How the Hague Convention Protects International Adoptions


Adopting a child is an adventure for any prospective parent and that adventure might seem a little scary. You’re navigating through agencies, opening your home to inspection and your very suitability as parents to judgment by a complete stranger. The entire process can seem even more daunting when international adoption is being considered. The Hague Convention exists to make the entire process safer for both the children involved and the prospective parents.

The Hague Convention is an international treaty that establishes norms for adoption. Those norms include a process to ensure children are truly orphaned, that their medical history is documented as much as possible, and that the adoptions will be recognized by all member countries.

Backdrop & Purpose of the Hague Convention

International adoption was–and can still be–an arena subject to fraud and criminal activity. The terrible crime of child trafficking could be conducted under the auspices of adoption. Honest parents could be defrauded of their money by false photos of children who really weren’t up for adoption. The Hague Convention on Protection of Children and Co-Operation in Respect of Intercountry Adoption aimed to rectify this.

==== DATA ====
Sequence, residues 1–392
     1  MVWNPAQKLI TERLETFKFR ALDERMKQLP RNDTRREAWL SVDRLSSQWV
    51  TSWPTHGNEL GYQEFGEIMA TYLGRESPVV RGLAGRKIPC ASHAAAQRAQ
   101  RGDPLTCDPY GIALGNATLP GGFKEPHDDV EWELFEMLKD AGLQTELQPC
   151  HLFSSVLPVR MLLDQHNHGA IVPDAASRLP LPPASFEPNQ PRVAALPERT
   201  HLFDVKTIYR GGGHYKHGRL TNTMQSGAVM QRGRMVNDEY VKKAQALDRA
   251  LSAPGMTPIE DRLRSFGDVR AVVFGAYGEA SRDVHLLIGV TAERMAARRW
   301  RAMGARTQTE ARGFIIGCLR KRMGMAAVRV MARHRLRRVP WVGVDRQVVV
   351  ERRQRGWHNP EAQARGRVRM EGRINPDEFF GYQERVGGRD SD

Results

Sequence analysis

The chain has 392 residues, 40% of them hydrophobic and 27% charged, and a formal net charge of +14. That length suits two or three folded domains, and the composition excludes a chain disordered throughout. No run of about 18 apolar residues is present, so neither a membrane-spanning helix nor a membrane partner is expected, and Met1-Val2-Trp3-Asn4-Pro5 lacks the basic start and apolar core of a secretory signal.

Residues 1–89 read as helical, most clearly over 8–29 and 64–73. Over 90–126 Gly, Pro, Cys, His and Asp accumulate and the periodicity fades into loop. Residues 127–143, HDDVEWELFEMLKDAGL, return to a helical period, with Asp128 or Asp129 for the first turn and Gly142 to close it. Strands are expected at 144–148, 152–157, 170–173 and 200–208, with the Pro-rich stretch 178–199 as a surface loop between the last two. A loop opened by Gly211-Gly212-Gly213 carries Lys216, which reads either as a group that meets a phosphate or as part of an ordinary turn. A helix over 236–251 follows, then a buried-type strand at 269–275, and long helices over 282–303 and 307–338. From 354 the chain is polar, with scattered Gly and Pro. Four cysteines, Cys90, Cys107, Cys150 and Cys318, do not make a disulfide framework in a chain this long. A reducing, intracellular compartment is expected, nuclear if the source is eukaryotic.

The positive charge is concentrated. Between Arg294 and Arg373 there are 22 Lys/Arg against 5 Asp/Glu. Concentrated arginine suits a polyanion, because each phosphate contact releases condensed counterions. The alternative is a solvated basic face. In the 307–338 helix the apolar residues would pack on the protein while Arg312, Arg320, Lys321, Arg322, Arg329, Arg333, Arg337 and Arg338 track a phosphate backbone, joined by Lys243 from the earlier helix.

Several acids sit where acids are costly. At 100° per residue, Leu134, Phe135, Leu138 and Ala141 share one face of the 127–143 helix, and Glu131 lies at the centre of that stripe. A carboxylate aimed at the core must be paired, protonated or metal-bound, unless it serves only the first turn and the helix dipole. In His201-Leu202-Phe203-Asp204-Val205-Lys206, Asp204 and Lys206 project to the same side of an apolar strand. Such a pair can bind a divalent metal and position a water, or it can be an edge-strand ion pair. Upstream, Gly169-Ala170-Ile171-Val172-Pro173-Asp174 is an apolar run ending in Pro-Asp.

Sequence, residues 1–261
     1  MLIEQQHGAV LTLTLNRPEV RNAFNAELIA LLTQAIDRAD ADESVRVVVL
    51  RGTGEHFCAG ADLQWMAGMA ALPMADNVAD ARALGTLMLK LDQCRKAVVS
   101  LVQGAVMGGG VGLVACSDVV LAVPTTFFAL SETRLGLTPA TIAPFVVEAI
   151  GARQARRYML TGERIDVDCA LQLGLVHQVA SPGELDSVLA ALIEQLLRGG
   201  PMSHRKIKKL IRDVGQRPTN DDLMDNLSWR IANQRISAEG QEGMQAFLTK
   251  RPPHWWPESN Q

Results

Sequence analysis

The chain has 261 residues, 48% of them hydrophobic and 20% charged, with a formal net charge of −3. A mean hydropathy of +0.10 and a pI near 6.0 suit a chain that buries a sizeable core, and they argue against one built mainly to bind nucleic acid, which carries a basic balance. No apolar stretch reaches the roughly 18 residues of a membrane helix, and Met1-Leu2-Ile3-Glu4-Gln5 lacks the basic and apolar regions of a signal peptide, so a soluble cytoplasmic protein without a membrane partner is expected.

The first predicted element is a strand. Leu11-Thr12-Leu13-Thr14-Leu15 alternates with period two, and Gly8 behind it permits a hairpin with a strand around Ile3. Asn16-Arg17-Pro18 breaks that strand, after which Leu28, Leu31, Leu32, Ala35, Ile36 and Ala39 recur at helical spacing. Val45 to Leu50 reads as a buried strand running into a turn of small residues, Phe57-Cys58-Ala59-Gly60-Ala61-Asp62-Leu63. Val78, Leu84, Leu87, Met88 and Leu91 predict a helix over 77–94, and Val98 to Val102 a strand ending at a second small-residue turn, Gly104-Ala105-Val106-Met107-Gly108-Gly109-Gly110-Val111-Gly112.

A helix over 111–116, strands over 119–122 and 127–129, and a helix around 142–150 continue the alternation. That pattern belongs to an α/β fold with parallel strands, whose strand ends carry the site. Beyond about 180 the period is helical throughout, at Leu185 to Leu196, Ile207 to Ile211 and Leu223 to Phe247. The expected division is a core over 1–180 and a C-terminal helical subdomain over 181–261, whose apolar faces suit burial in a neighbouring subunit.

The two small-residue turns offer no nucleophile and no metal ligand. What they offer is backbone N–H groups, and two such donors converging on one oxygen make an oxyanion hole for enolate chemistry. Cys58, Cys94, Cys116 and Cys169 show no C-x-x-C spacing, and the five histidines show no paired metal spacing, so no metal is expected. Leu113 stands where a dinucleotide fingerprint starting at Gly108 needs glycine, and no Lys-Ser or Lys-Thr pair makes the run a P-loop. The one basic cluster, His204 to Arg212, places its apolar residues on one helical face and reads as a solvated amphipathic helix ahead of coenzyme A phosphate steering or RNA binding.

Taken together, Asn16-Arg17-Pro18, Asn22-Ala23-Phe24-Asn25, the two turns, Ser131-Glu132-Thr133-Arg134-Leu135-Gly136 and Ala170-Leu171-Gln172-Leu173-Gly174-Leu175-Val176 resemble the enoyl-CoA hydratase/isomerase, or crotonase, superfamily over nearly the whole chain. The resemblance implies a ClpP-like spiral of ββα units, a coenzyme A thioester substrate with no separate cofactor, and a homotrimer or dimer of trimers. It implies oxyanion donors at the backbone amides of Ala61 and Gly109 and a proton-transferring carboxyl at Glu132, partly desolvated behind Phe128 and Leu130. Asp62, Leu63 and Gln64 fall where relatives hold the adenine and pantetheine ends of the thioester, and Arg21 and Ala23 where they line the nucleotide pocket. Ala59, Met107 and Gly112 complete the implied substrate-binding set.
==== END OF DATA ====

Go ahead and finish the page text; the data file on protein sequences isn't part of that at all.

The Hague–a city in the Netherlands–was the location for a 1993 convention where many nations entered the treaty that would set norms for international adoption. The first and foremost aim of the convention was the protection of children. Signatory nations hoped that setting clear international norms would make it more difficult for child trafficking rings to kidnap children and then move them abroad through legitimate adoption agencies.

The 99 nations that have currently signed onto the Hague Convention agree that they will establish a central organizing authority to govern the adoption process in their country. That authority here in the United States is the State Department. Signatory nations agree that their central adoption authority will review and accredit all adoption agencies.